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September 10, 1997 | LARRY GORDON, TIMES STAFF WRITER
James Nedelkow defected from his native country 30 years ago to escape its rigid Communist regime. During his recent return to Bulgaria as an investor, the Southern California businessman challenged another powerful force--a criminal syndicate muscling into new industries. U.S. Embassy officials said they were worried that Nedelkow's public opposition to organized crime's control of a Bulgarian pager system could get him killed.
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BUSINESS
September 10, 1997 | LARRY GORDON, TIMES STAFF WRITER
James Nedelkow defected from his native country 30 years ago to escape its rigid Communist regime. During his recent return to Bulgaria as an investor, the Southern California businessman challenged another powerful force--a criminal syndicate muscling into new industries. U.S. Embassy officials said they were worried that Nedelkow's public opposition to organized crime's control of a Bulgarian pager system could get him killed.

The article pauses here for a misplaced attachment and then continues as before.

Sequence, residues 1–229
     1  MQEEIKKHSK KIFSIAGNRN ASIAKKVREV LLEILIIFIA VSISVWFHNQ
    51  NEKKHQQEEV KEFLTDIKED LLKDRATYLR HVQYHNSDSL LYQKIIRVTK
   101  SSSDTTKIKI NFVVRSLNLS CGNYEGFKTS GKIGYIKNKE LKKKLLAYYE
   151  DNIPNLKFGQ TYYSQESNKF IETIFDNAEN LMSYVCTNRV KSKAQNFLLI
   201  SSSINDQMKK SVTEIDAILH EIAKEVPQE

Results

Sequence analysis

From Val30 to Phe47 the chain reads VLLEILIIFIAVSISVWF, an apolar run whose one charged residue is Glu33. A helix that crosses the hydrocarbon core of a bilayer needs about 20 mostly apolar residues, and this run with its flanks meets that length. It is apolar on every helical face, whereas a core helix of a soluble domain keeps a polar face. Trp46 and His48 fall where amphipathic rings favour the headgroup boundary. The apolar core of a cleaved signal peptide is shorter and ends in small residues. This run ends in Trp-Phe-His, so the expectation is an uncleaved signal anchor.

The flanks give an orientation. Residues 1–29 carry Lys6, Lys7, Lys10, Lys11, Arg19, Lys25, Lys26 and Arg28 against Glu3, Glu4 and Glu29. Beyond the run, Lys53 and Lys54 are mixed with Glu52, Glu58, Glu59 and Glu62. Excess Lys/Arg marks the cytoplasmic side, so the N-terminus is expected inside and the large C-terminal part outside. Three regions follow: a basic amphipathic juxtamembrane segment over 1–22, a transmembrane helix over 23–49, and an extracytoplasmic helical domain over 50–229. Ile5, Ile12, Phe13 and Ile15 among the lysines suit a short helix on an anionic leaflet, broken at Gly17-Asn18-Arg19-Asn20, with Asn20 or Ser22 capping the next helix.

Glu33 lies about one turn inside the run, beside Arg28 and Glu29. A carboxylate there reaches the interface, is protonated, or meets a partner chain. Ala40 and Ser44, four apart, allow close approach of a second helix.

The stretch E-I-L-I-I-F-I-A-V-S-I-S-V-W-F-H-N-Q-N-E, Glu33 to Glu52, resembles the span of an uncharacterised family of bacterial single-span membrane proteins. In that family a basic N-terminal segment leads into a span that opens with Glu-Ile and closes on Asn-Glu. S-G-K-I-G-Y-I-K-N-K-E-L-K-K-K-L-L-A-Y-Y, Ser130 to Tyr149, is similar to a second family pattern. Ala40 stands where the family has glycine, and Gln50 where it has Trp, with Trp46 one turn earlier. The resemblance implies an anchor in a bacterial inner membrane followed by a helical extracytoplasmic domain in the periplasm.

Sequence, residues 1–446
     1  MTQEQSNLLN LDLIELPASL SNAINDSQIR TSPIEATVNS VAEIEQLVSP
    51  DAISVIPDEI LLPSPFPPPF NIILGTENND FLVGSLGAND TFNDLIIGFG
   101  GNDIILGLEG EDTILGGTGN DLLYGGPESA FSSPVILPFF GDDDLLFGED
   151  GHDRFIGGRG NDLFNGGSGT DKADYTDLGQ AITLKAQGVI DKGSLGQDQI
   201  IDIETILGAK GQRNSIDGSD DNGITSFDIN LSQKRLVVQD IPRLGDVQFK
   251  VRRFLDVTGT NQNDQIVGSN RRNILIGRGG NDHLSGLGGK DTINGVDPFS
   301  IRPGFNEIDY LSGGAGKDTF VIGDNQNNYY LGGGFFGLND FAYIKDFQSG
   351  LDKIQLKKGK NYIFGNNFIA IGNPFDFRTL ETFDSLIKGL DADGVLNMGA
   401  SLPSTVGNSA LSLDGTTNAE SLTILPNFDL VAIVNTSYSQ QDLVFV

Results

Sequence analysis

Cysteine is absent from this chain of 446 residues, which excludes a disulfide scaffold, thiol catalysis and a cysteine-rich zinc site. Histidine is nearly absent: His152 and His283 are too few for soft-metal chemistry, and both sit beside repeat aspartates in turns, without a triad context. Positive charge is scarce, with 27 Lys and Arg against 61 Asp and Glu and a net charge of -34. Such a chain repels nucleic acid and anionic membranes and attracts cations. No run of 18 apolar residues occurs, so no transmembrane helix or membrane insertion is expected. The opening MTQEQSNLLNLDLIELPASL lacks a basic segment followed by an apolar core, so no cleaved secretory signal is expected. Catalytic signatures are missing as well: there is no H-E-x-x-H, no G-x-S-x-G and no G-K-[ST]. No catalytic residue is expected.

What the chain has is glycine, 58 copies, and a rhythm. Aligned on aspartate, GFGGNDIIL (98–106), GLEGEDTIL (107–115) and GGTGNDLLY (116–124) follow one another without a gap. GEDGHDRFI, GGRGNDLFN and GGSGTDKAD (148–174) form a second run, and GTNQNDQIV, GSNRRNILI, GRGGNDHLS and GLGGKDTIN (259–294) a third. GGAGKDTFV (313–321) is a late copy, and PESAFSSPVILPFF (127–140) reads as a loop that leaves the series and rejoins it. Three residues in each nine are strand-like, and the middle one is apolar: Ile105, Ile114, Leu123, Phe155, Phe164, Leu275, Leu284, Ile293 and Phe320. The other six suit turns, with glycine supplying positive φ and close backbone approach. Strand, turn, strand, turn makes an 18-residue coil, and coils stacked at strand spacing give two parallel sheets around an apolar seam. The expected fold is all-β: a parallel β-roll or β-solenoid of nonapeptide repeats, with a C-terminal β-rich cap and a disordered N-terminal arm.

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NEWS
July 26, 1994 | KITTY McKINSEY, SPECIAL TO THE TIMES
Engineer Piotr Klonowski had cause for celebration: After 18 years of waiting, his family finally got a phone installed in its apartment. While many parts of the world charge ahead into the telecommunications age, Poland is still struggling to provide the level of service that the United States reached in the late 1940s. Its situation is symbolic of other less-advanced countries that may bog down in the dust of the revolution. The Polish phone system, seen by Western business people as a major obstacle to investment in the country just three years ago, has improved dramatically in a short time.
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